Against my better judgement, I find myself clicking through picture after picture of a scantily-clad girl I knew from 11th grade English. Blonde, flat-stomached and midriffbaring, she is surrounded by similarly dressed friends in a colorfully lit bar. The pictures irritate me. I look at the images and question the differences in our weekends and body shapes. I try reminding myself that the comparisons are unfair, but it’s hard to feel cool sitting at home, Facebook-stalking in my ratty, Edward Cullen t-shirt on a Friday night.

We’re in love!” No matter what your profile picture is, it’s undeniable that some thought was put into selecting it. Like a first impression, a profile picture speaks volumes about who someone is. In a single thumbnail you are stating who you are and what you’re about. What makes it different from an in-person first impression is that it’s highly manipulated and controlled. It wasn’t until recently that I first realized how much these statuses were affecting me.

I won't deny that a well-received status gives me some satisfaction. Yet, there is some lingering doubt about whether the feedback is for the real me or the Facebook me.

audience is, and what their potential reactions could be. Next, you need something witty, funny or bitchy to say. If nothing exciting has happened, you still want to make your presence on the Internet known. I will not deny that a well-received status gives me some satisfaction. Yet, there is some lingering doubt about whether the feedback is for the real me or the Facebook me. Facebook enables users to pick and choose what pieces of their lives they want to share. The notion that we have the freedom to post whatever we want seems liberating, but the very act of controlling what other people know about us can also be oppressive. Connected to this online world that I’ve built for myself is a whole universe of my friends’ worlds. They step on and off podiums, describing the events of their seemingly action-packed weekends.




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The girl whose images mock my sorry weekend posted them, subconsciously, to create envy. After all, if you can’t brag on Facebook, where else can you do it? I’m not so self-absorbed as to think that pictures of her or anyone else are uploaded to make me feel inferior, but I do know that they were not selected at random — that each picture was a choice. A choice of what aspect of your personality you want to show. On Facebook you make your own reputation, and this was what my old classmate was building.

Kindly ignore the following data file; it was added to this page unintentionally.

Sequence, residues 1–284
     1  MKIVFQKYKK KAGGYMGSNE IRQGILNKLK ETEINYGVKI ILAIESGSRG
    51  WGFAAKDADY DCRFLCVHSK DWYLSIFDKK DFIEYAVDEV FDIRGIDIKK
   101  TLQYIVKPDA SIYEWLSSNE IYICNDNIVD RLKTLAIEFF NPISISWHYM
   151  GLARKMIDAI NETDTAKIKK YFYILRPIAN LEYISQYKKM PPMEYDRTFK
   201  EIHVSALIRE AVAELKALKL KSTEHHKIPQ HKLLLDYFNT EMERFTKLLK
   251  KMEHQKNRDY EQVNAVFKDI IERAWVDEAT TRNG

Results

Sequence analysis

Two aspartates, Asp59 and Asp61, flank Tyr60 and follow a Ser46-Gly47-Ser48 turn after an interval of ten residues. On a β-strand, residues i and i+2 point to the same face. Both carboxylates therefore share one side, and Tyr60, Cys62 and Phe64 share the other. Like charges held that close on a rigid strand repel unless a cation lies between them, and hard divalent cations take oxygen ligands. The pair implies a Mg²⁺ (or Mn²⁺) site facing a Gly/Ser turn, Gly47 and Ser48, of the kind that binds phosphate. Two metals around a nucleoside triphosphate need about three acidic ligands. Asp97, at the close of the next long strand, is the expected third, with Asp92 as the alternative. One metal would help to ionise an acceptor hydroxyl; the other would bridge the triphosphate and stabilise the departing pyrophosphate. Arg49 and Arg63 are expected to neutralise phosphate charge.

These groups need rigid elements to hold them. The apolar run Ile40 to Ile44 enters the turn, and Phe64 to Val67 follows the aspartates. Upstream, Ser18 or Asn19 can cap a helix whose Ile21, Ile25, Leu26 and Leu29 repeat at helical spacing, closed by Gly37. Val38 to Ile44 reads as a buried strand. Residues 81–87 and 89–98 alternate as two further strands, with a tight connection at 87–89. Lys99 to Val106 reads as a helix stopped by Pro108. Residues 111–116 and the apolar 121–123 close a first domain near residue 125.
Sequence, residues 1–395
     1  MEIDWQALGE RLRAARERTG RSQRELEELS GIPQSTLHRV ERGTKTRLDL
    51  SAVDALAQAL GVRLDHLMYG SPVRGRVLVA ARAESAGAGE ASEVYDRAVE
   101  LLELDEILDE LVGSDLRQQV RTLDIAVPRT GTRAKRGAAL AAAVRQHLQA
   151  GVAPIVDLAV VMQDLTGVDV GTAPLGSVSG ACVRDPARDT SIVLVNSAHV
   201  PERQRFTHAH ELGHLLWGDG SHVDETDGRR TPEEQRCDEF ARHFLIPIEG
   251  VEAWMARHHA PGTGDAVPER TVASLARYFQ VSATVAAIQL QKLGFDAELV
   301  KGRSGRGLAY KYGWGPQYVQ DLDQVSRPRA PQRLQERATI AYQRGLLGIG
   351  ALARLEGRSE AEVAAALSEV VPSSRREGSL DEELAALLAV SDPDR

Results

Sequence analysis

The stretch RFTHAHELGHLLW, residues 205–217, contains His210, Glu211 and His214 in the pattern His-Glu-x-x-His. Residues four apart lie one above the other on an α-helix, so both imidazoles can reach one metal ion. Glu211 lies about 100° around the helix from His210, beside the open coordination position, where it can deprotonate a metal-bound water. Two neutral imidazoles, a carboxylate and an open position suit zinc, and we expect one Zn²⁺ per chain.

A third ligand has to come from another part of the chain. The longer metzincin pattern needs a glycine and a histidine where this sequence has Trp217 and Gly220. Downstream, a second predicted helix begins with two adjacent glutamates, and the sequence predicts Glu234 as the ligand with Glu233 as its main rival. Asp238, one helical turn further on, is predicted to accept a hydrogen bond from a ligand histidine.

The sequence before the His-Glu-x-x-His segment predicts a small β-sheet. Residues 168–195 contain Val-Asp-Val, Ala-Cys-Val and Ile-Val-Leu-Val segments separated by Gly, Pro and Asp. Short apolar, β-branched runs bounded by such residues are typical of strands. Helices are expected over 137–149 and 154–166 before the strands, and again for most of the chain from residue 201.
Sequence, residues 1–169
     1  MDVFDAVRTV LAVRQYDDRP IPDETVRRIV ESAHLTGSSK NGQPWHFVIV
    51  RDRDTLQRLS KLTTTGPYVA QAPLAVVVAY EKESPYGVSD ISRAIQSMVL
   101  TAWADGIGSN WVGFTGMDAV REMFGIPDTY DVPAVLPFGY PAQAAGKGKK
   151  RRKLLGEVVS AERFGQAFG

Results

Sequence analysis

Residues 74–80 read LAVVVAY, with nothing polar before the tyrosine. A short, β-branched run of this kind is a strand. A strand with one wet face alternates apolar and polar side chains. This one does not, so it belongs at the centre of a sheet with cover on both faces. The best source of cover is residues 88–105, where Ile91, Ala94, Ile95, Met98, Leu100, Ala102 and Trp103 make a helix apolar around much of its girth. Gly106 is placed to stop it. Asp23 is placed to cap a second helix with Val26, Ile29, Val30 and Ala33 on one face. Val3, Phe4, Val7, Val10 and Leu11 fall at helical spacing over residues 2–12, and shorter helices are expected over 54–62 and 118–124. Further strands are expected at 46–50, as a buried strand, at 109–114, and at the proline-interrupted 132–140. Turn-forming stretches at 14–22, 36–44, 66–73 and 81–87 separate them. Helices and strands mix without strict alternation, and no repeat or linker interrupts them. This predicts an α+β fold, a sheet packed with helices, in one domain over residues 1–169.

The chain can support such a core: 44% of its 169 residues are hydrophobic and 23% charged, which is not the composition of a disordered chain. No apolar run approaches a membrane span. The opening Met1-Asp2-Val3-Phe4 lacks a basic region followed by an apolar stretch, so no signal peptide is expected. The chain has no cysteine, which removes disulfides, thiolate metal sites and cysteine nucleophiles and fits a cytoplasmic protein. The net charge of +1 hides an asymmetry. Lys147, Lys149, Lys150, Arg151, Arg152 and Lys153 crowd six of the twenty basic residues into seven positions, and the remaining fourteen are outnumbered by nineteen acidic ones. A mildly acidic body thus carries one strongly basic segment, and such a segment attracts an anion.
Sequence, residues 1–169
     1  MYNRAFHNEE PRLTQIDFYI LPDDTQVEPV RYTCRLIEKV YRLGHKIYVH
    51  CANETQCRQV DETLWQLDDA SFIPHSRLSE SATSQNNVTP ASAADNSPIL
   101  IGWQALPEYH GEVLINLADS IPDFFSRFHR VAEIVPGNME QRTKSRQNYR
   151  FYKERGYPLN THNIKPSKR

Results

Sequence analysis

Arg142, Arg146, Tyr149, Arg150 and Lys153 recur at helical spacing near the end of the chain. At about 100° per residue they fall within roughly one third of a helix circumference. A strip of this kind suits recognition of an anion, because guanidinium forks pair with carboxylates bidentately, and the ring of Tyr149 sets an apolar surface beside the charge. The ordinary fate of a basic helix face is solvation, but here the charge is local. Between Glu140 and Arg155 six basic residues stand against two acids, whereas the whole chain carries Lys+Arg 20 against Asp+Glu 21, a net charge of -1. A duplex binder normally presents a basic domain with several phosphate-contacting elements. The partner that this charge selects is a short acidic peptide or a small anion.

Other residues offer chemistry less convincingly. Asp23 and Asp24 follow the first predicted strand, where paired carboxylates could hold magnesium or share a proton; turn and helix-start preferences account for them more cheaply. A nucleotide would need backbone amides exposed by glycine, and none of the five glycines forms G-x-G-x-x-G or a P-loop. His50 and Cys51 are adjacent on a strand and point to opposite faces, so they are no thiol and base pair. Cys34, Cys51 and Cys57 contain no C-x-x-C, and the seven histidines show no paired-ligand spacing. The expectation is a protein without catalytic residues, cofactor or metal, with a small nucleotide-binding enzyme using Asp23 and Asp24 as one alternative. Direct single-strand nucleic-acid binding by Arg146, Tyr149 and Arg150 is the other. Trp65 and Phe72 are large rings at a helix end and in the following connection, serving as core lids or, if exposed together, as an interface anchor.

A popular boy from my high school wrote, “Fat chicks in skinny jeans is just not right.” I read it twice to make sure that’s what I saw. I felt the waist of my jeans tighten around my belly, and I cringed. Fat chicks? He must be talking about me. Obviously he’s talking about me. My insecurities made me paranoid and self-conscious. I loved my skinny jeans, but I began to question the appropriateness of wearing them. I let someone’s Facebook self, someone too afraid to say it to my face, challenge my own happiness.

Some people choose to upload dozens of drunken dancing pictures from the night before. Others post pseudo-artsy edited Instagrams of themselves laying in fields of flowers. Then there are the ones who post pictures of themselves with their significant other, kissing and sharing intimate moments. These profiles scream: “I’m in a couple!

I found myself Photoshopping a self-portrait. There was nothing wrong with the picture. In fact, it was a fairly decent picture of me, but it seemed inadequate next to all the other girls’ bikini profiles. Their sun-kissed pictures got more than comments — they got buzz. For better or worse, these images became the subject of discussion. The photos were